Hornsby Convicted On 6 Counts

Andre J. Hornsby was accused of using his office for personal gain.
Andre J. Hornsby was accused of using his office for personal gain. (Mark Gail - Twp)
By Henri E. Cauvin and Ruben Castaneda
Washington Post Staff Writers
Thursday, July 24, 2008

Andre J. Hornsby, the former Prince George's County public schools chief whose first corruption trial ended in a hung jury last year, was convicted yesterday on six of the 22 federal charges brought against him in his retrial.

The jury, which had been deliberating since July 15, acquitted Hornsby of two charges and deadlocked on the rest.

The conviction caps an extraordinary fall for Hornsby, who arrived in Upper Marlboro in 2003 with a reputation for making waves and with a mandate to turn around the county's troubled school system.

Now, three years after he resigned amid a federal investigation, Hornsby, 54, faces a substantial prison sentence. Each of the fraud counts on which he was convicted carries up to 20 years, and each of the tampering and obstruction counts carries a maximum of 10 years.

Hornsby, who was accused of steering school system contracts to his girlfriend and to a longtime business associate in exchange for kickbacks, was convicted of honest-services wire fraud, attempted evidence tampering and obstruction of justice. He was acquitted of one wire fraud count and one attempted witness tampering count.

In the hushed fourth-floor courtroom where the trial unfolded, Hornsby sat attentive and almost still as the jury foreman went down the verdict form. Next to Hornsby was his attorney, Robert C. Bonsib. Across the aisle were the prosecutors, Stuart A. Berman and Michael R. Pauzé, and one of the case agents from the FBI, John M. Sheridan.

Each of the first five counts, all wire fraud, came back as deadlocked. It was not until the sixth count, another wire fraud charge, that Hornsby heard the word he was dreading: guilty. Five more guilty verdicts followed, for additional counts of wire fraud, attempted evidence tampering and obstruction of justice.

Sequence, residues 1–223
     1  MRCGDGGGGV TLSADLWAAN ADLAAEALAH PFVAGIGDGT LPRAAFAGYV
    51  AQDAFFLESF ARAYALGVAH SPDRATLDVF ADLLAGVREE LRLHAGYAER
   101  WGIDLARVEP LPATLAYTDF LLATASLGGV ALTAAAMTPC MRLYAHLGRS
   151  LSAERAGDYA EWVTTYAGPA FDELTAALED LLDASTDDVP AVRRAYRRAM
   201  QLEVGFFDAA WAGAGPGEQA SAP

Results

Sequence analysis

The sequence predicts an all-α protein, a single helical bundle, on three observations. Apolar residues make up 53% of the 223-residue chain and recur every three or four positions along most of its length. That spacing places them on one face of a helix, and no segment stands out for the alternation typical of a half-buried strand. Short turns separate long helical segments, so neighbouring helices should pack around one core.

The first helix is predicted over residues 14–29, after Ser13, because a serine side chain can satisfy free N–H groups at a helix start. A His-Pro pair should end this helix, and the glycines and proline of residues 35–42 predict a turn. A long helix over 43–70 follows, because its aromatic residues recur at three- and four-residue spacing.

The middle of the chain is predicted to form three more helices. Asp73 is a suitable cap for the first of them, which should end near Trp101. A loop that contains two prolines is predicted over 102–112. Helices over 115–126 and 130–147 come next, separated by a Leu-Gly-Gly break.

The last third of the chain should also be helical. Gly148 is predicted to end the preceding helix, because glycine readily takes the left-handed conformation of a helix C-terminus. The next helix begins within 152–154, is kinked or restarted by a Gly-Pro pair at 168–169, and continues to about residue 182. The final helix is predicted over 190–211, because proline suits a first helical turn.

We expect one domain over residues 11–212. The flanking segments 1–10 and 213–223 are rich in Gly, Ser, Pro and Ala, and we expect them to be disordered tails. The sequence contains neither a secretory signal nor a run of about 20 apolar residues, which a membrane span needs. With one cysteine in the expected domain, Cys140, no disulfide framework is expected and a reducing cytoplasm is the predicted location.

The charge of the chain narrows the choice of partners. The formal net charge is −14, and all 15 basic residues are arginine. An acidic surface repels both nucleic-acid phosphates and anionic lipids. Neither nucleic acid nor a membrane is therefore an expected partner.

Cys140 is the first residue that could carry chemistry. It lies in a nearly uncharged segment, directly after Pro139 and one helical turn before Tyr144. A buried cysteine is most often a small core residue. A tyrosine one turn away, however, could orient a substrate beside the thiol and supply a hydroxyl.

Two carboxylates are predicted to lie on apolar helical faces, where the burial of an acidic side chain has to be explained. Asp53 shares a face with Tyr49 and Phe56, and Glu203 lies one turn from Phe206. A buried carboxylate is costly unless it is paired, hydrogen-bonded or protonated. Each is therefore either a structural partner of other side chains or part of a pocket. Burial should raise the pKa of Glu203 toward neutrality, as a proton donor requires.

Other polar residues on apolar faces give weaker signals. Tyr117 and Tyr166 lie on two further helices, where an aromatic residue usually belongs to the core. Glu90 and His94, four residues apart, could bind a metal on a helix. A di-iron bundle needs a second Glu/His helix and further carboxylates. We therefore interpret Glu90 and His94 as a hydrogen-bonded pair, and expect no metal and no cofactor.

All three wire fraud charges on which Hornsby was convicted involved e-mail communications from his ex-girlfriend Sienna Owens that were related to a deal between her company, LeapFrog SchoolHouse, and the school system.

U.S. District Judge Peter J. Messitte set Hornsby's sentencing for Oct. 20 and, at the request of prosecutors, ordered him to surrender his passport.

Leaving the federal courthouse in Greenbelt, Hornsby said nothing, deferring to Bonsib to speak for him. "We're obviously disappointed," Bonsib said. The jury struggled with many of the charges, he said, but not all of them. "Obviously the jury was persuaded by some of the evidence. We disagree."

After not securing any guilty verdicts in the first trial, the conviction of Hornsby was a welcome victory for the U.S. attorney's office in Maryland and for the FBI.

"The evidence in this case demonstrated that Andre Hornsby abused his power for private financial gain, tampered with witnesses and obstructed a federal investigation," U.S. Attorney Rod J. Rosenstein said in a statement. "Public officials must pursue the public interest and not line their own pockets at taxpayer expense."

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